3/29/18

spiritual comfort; part 2: coming to terms with the questions


In Part 1 of Spiritual Comfort, we explored some of the questions about your faith that can arise following the death of your partner.

Our excerpt from Lost My Partner – What’ll I Do? continues.

Each faith has its own way of understanding the experience of death.

Some people turn to their religious advisor and find answers that are comforting.

Others may be given answers that fail to satisfy them when they’re feeling such terrible pain. This can feel like an even more profound loss.

Before you decide to give up on your faith:

- Give yourself time. Some have to struggle for awhile before discovering answers that feel right for them.

- Get a different perspective. Some clergy are simply more skillful at handling these issues than others. Rather than giving up on your faith, you might want to consider consulting another clerical member of your denomination. Sometimes a different perspective (and personality) can make all the difference.

Other good sources of comfort are books that deal with the “whys” of death, such as When Bad Things Happen to Good People by Harold S. Kushner (Schocken Books, Inc., 2001).

3/26/18

spiritual comfort; part 1: questions

Parts 1 and 2 of Spiritual Comfort are excerpted from our book, Lost My Partner – What’ll I Do? Revised and Expanded Edition (copyright 2008 from McCormick Press).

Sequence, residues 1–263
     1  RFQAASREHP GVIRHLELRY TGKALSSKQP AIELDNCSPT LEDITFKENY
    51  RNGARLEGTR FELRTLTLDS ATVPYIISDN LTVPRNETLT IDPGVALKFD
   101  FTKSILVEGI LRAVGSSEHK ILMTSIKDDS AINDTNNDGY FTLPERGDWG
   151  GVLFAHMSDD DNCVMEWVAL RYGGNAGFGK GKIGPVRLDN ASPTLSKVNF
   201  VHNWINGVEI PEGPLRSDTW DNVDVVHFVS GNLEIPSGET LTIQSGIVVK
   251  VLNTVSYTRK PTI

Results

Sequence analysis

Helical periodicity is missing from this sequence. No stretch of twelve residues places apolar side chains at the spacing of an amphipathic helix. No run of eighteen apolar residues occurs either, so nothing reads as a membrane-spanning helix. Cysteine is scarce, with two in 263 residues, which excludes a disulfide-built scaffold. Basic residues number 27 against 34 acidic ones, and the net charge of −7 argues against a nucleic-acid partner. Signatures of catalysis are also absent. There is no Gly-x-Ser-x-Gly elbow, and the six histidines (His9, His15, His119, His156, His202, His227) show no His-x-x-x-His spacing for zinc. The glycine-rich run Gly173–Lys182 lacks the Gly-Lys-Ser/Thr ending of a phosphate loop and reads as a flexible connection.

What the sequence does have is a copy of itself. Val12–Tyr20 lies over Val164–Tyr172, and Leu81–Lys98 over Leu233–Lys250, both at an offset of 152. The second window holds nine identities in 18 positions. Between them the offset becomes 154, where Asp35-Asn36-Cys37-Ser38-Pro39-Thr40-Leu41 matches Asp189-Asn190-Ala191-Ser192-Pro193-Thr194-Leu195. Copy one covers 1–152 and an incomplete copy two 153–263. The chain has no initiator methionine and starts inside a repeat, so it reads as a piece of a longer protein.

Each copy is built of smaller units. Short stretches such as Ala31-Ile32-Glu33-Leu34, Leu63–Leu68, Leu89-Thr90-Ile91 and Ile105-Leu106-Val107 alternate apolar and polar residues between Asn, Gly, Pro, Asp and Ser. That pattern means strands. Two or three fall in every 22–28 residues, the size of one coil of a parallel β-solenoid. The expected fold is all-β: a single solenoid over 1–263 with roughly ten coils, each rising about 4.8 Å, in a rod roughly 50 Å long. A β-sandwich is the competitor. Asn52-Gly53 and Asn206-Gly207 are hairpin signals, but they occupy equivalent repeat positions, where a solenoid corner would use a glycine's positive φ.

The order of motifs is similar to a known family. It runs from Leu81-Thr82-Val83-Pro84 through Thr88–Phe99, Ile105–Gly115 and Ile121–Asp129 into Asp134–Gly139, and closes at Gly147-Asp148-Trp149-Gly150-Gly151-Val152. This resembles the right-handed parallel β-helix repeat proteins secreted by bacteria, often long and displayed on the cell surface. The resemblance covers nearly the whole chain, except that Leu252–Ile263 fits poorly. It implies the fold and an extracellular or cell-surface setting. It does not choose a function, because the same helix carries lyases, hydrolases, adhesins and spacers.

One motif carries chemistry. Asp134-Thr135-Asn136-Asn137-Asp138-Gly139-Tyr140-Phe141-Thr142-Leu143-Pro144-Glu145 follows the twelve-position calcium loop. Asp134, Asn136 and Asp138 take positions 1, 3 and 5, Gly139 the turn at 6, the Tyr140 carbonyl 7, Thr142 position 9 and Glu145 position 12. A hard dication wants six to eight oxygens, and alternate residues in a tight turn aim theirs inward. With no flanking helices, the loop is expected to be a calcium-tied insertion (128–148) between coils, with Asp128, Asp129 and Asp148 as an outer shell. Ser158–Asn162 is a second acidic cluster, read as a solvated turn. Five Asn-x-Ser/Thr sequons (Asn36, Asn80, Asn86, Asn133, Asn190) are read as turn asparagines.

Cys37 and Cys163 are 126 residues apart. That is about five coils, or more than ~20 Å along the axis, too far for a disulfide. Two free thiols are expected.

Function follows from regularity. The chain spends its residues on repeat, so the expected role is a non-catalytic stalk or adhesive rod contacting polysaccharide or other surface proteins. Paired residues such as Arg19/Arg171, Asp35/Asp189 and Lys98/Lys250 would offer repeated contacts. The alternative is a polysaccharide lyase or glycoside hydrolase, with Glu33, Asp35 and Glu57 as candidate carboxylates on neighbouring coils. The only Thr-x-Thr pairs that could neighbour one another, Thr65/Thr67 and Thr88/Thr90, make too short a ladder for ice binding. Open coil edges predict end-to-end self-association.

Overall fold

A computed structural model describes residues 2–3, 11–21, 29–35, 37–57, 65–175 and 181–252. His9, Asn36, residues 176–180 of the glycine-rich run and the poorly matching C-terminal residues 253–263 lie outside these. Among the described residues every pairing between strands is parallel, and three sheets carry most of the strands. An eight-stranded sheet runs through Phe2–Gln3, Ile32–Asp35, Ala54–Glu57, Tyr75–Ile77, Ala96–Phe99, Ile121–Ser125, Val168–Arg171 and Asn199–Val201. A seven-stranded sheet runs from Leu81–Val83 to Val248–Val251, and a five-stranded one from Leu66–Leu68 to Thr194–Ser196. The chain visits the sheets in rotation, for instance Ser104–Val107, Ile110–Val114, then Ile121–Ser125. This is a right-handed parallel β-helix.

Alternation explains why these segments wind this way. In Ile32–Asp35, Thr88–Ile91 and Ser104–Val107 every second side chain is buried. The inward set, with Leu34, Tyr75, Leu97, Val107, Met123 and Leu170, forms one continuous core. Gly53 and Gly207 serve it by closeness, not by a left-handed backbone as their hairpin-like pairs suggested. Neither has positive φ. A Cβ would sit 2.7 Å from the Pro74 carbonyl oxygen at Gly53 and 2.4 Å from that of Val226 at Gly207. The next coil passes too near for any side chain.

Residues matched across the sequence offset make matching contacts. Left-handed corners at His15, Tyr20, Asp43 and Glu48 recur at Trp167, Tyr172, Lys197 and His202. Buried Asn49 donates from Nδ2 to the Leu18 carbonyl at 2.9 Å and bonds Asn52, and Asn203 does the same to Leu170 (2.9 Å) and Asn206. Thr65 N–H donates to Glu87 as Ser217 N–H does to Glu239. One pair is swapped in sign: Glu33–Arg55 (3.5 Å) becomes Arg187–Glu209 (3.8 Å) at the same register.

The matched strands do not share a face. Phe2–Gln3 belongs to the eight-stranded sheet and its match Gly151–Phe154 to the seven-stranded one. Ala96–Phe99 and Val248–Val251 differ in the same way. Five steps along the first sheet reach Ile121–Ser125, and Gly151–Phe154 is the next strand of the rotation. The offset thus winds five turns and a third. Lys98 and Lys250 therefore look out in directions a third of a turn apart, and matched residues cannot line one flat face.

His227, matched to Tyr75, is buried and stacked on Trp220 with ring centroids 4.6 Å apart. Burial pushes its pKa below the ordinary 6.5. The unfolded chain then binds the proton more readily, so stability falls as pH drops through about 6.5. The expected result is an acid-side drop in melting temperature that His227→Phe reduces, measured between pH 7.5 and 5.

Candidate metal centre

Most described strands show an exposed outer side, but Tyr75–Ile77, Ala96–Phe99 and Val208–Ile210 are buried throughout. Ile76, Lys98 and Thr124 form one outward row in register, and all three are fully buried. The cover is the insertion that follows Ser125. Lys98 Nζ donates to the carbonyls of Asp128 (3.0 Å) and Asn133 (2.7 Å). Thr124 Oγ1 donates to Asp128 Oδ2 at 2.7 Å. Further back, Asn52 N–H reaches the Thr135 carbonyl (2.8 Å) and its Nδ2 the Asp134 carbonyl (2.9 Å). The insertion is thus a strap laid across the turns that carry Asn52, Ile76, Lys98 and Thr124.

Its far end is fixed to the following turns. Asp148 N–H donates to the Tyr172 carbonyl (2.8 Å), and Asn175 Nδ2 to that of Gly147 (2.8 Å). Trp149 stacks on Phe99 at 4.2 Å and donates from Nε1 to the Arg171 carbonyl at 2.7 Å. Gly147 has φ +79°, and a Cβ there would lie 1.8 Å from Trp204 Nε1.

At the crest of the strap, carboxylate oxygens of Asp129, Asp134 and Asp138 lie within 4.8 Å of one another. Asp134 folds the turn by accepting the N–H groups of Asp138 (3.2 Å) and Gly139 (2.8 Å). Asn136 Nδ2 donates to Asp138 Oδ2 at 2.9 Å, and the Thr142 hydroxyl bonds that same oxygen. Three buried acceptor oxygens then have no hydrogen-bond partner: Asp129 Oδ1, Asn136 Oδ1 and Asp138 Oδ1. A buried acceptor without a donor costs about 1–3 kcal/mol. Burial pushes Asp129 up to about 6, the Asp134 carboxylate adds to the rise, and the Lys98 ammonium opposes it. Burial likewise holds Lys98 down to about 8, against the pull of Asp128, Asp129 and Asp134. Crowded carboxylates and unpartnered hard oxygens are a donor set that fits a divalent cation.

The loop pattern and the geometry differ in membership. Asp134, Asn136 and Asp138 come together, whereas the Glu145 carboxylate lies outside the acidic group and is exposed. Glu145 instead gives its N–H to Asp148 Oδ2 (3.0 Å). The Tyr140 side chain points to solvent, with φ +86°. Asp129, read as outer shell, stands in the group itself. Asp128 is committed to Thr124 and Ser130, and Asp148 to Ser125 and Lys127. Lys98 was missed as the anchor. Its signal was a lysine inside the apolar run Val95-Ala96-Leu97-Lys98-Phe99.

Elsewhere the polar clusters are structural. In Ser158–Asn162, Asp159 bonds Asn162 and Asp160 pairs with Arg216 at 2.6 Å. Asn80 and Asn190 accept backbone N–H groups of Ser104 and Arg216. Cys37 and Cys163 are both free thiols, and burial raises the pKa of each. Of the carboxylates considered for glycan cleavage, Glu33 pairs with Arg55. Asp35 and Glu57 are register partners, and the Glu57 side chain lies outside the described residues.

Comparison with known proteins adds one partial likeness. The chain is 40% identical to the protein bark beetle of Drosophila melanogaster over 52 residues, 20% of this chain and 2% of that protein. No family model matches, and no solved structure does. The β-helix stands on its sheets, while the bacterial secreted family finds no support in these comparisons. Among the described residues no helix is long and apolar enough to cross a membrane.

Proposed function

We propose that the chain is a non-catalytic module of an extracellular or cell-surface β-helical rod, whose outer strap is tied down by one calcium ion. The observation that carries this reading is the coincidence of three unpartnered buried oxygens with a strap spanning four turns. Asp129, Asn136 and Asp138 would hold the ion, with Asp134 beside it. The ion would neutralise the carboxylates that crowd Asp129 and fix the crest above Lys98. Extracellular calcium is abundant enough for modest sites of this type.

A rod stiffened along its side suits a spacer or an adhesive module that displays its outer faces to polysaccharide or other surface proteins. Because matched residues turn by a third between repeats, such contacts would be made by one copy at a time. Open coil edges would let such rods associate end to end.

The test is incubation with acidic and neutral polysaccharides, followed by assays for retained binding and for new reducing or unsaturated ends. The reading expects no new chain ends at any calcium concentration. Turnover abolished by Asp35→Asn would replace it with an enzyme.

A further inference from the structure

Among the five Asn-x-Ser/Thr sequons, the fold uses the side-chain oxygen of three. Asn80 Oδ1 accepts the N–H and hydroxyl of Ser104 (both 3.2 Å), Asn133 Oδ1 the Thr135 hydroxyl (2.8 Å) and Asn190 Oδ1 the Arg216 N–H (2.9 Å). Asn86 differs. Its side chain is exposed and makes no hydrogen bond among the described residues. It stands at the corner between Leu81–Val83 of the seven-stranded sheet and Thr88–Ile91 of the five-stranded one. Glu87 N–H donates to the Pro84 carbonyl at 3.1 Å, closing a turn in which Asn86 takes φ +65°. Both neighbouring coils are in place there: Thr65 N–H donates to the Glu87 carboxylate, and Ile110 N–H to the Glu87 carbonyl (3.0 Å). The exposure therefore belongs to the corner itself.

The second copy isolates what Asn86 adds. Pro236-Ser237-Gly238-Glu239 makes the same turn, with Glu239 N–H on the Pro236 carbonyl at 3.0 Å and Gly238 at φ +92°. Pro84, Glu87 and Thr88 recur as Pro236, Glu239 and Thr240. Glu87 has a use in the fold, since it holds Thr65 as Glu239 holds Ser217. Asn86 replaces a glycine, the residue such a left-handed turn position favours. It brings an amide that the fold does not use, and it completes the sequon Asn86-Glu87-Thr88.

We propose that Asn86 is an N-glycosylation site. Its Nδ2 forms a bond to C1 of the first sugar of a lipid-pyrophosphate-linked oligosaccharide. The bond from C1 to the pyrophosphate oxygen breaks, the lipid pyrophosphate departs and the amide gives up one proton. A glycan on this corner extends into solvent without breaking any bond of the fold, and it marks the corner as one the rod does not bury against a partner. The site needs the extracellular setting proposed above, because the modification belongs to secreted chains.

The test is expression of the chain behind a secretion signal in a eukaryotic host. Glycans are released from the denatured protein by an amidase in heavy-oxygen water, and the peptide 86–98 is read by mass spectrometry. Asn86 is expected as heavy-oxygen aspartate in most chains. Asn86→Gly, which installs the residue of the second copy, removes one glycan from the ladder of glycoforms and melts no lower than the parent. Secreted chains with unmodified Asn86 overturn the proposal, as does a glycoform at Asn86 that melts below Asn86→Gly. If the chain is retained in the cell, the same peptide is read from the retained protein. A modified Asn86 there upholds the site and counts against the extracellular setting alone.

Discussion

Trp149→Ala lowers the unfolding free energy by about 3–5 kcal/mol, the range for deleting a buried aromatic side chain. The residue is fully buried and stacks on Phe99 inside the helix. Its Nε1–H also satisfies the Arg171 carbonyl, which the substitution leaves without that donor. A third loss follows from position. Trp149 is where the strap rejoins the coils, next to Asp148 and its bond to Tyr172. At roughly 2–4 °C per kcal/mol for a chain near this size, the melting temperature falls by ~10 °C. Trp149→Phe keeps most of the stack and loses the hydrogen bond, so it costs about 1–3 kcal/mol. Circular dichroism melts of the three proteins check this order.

For some, bereavement is a time when religion provides great comfort and support.

For others, it can be a painful time in which you question your most cherished beliefs.

The impact of losing a spouse can cause some people to experience a crisis of faith. In the face of death, each of us struggles in his/her own way to find answers to profoundly difficult questions

You may question the fairness of the loss:

“We played by the rules. My partner was such a good, loving person – why did this have to happen to us?”

You may feel that death cheated you of many things: your spouse as your life partner, the dreams and plans you had for the future, the sharing of family experiences, etc.

It’s not uncommon to feel anger toward God for allowing the loss to happen.

While some people feel guilt about expressing it, others find relief by allowing themselves to vent this anger directly at God. Some may even shake their fists at the heavens, while others may turn away from their religion altogether.


In Part 2, we discuss ways to come to terms with these painful questions.

3/22/18

grave matters

The decision about when to visit your late spouse/partner’s gravesite can be a difficult one.

Many widowed hesitate to take this step. Some of the reasons may include:

• a wish to avoid additional pain.

• ambivalent feelings about the relationship with the deceased.

• the possibility of other losses being stirred up (other loved ones may be buried nearby).


If you are feeling uncertain about visiting the cemetery, consider the following from our post Reluctant to Visit the Gravesite?:

Have you visited your late spouse/partner’s grave since the funeral?